Stem. - Stout and tall, two to twelve feet high, often dotted. Leaves. - In whorls of three to six, oblong or oval, pointed, rough, veiny, toothed. Flower-heads. - Purplish-pink, small, composed entirely of tubular blossoms, with long protruding styles, growing in large clusters at or near the summit of the stem.

The summer is nearly over when the tall, conspicuous Joe-Pye-weed begins to tinge with "crushed raspberry" the lowlands through which we pass. In parts of the country it is nearly as common as the golden-rods and asters which appear at about the same season. With the deep purple of the iron-weed it gives variety to the intense hues which herald the coming of autumn. "Joe Pye" is said to have been the name of an Indian who cured typhus fever in New England by means of this plant. The tiny trumpet-shaped blossoms which make up the flower-heads may have suggested the other common name.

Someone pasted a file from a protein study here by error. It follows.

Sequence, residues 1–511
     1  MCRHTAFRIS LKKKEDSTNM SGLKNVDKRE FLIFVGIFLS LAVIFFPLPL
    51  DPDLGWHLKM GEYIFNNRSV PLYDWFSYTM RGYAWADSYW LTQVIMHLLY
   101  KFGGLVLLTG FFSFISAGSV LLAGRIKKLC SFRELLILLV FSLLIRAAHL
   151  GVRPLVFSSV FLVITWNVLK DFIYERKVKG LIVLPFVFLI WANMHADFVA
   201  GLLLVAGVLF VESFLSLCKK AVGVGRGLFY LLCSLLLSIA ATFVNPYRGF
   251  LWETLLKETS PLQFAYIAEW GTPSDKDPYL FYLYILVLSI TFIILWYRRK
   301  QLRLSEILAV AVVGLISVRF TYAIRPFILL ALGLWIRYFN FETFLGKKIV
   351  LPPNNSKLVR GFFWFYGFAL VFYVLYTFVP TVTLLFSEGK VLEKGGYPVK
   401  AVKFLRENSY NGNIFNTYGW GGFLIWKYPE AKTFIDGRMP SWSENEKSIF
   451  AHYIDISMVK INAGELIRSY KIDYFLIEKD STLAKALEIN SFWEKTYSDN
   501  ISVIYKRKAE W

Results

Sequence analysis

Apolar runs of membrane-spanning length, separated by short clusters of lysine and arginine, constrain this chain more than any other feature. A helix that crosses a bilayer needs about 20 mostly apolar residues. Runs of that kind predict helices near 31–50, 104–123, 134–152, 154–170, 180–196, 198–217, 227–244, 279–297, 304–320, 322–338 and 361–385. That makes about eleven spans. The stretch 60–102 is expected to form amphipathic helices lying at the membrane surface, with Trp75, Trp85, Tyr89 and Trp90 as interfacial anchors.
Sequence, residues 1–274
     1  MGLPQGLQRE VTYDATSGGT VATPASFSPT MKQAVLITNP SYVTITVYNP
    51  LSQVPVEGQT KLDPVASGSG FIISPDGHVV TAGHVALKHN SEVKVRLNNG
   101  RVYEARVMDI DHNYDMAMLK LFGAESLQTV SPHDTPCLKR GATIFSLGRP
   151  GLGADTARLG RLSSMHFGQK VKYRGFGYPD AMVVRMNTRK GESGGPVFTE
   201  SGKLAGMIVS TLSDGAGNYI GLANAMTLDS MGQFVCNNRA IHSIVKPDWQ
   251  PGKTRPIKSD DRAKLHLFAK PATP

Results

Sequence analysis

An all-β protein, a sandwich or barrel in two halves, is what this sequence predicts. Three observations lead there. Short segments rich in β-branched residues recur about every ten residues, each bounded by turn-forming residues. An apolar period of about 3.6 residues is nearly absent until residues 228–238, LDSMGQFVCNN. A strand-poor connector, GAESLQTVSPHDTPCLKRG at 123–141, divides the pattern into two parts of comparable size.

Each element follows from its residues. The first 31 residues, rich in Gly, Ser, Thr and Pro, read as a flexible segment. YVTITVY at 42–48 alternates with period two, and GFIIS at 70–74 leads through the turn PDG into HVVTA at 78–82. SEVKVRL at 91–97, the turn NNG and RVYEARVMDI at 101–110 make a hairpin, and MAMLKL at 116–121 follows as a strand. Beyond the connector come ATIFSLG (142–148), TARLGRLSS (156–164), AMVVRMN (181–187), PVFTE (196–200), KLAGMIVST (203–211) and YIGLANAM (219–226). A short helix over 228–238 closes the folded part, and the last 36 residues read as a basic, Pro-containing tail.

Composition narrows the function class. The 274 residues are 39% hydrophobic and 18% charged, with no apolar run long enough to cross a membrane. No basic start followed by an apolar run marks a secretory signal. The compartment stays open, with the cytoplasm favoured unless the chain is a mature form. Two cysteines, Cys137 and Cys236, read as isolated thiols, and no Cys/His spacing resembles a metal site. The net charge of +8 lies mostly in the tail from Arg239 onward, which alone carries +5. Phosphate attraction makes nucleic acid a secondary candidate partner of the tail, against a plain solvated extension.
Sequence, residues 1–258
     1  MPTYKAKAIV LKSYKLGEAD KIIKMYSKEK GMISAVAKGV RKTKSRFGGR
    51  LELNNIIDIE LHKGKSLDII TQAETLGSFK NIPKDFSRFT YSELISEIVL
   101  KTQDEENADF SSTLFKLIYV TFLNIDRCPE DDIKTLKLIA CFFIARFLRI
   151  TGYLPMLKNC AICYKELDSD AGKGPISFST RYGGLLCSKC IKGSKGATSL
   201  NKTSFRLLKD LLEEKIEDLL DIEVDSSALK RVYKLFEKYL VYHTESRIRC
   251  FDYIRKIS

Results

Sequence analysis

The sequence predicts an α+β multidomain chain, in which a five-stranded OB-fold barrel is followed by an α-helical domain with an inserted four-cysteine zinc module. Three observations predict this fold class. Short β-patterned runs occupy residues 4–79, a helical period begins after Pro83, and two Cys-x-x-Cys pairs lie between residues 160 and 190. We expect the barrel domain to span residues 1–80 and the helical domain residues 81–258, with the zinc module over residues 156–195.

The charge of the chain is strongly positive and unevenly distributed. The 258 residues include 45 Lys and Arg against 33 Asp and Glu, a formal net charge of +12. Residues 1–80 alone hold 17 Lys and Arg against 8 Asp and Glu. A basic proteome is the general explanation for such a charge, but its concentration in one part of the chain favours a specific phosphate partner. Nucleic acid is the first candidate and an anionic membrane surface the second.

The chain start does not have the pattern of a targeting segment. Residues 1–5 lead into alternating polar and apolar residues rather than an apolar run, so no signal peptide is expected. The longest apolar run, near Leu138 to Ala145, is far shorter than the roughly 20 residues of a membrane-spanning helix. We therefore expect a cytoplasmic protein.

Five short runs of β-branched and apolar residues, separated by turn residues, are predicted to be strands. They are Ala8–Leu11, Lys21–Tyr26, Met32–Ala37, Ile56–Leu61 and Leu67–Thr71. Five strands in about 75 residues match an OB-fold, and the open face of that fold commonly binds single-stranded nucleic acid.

Joe Pye Weed.   E. purpureum

Plate LXXVII. Joe-Pye-Weed. - E. purpureum